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    Re: Poor St. Hilaire
    From: Geoffrey Butt
    Date: 2007 Oct 28, 15:30 -0000

    If you are correct that your examples A,B and C are the only explanations
    given .... then I am truly surprised.
    Surely an assumed position is used because any body's altitude angle and
    azimuth can be found quickly from Reduction Tables:  the parameters of the
    assumed position having to correspond to the restricted increments of
    entries in those tables.  No other tables, mathematical knowledge or
    calculator are then required to plot an LOP.
    The accuracy of the plot was adequate to meet the needs of aircraft flying
    increasingly long distances and at increasing speeds in the mid-20th
    century.  The estimate of speed over the ground introduced a potentially
    larger error due to assumptions which had to made about the wind vector.
    I was talking recently to a school friend who flew BOAC VC10s on long-haul
    routes in the 60/70s.  He described his transatlantic navigation
    qualification flights as a non-stop round of sight-taking, plotting and
    application of wind vector estimates.  The need for a rapid and simple
    method for plotting estimated LOPs was paramount.
    Geoff Butt
    John Karl wrote:
    : ..............
    : I was speaking from the viewpoint of a modern author introducing the
    : St. Hilaire method and the reader trying to understand.  I'm talking
    : about how the method is introduced in any number of commonly used
    : books: books by Blewitt, Bowditch (2000 edition), Cunliffe, Dutton
    : (2004 edition), Howell, Letcher, Meyrier, Moody, Schlereth, Turner,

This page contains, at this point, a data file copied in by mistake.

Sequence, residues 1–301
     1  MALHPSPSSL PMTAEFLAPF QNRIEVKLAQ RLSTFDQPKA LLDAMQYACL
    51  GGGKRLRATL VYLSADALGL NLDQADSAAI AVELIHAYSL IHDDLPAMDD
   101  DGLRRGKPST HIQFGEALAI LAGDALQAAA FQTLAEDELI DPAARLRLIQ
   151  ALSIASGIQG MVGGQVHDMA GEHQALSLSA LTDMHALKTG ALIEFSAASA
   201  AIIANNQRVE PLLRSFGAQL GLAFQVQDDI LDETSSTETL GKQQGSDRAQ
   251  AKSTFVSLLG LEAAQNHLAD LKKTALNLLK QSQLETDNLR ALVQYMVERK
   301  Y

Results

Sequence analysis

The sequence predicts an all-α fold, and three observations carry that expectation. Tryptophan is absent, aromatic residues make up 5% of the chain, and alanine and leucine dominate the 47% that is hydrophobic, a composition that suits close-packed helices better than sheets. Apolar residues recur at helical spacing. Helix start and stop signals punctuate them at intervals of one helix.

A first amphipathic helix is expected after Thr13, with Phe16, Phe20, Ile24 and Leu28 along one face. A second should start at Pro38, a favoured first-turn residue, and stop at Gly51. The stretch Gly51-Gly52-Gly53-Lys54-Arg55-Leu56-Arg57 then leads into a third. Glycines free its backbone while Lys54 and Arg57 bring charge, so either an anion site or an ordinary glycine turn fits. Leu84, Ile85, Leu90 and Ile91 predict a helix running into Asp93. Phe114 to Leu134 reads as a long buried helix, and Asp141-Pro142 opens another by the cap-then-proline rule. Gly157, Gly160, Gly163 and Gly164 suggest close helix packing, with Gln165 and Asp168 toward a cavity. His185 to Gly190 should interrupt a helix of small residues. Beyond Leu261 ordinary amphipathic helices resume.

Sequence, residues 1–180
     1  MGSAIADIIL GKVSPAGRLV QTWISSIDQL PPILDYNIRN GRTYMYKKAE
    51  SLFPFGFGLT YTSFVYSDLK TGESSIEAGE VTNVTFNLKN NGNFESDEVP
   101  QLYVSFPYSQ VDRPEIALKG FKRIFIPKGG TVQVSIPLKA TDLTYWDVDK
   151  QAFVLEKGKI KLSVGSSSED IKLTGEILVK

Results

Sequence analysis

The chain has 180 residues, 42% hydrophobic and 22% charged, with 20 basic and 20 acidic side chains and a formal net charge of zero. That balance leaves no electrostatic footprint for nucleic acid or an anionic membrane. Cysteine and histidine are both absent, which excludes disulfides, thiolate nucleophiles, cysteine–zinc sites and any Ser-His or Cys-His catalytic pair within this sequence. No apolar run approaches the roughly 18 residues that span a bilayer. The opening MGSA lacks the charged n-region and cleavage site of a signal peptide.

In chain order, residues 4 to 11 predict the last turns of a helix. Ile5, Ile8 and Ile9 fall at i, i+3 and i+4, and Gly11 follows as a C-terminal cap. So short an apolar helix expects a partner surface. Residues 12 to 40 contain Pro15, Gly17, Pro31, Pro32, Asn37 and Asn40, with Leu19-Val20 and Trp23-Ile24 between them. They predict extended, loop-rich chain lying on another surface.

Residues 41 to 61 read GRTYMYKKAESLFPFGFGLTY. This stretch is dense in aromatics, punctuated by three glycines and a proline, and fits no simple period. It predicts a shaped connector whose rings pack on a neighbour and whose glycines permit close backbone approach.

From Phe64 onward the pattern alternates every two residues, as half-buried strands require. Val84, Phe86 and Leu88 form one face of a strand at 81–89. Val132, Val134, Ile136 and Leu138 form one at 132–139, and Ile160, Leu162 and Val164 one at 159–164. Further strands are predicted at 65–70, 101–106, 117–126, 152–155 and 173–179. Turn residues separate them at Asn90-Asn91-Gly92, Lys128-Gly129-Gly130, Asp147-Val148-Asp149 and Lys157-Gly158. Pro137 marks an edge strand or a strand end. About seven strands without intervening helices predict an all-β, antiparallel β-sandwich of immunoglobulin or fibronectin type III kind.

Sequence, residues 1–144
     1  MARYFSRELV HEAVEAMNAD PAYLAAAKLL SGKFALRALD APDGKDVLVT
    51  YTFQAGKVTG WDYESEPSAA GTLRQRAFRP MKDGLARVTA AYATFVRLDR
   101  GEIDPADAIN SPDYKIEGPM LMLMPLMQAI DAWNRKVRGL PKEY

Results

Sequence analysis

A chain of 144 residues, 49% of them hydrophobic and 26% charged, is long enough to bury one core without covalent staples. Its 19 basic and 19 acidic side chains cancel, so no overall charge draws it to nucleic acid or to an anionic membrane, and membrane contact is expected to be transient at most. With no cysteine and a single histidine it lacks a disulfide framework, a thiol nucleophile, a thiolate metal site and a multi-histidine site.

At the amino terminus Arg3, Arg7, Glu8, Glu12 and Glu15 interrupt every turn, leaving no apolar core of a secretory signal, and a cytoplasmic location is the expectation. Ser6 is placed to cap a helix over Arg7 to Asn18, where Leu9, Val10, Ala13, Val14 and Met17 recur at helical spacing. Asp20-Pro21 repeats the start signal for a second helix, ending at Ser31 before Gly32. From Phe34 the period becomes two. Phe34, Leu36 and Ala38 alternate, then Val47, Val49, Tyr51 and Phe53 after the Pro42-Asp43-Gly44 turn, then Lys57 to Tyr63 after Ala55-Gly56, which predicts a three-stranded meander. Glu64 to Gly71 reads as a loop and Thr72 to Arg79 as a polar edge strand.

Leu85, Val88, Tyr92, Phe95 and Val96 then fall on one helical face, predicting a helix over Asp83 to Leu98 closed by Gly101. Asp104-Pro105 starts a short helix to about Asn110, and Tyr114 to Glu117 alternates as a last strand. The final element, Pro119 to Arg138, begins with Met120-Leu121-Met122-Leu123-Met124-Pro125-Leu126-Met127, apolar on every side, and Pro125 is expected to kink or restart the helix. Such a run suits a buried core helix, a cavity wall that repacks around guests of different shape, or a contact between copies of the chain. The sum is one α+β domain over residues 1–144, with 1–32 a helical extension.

: and Toghill, to name a few.  These authors all are discussing using HO
    : 229, HO 249, or a calculator.  They are all talking about finding a
    : single LOP - not a fix, not an iteration of fixes.  They're not taking
    : about older log-trig methods or the Sumner method.
    : My statement was that all of these authors either don't attempt to
    : explain the REASON for the assumed position, or they explain it
    : incorrectly.  For example,
    : A. Some say that an assumption is necessary because the distance
    : between the sun's GP and the ship is too great to plot.  While that's
    : true (for most sights and charts), it's not the reason for the assumed
    : position.
    : B.  Some say the AP is necessary because there's insufficient
    : information to plot the LOP.  That's false.  We know everything
    : necessary to plot the LOP
    : C.  Others say the AP is necessary because we don't know how to plot
    : the exact LOP.  That's also false.  They are several ways to plot the
    : LOP exactly.
    : I mused about WHY so many authors either don't explain the reason for
    : the AP, or they have it incorrect - I think that the term "assumed
    : position" has misled these folks.  But of course, that's only my
    : guess.
    : I wonder what List members think the reason is for their
    : misunderstanding, particularly when they're supposed to be teaching
    : others!  No one has addressed this - yet.
    : John
    : :
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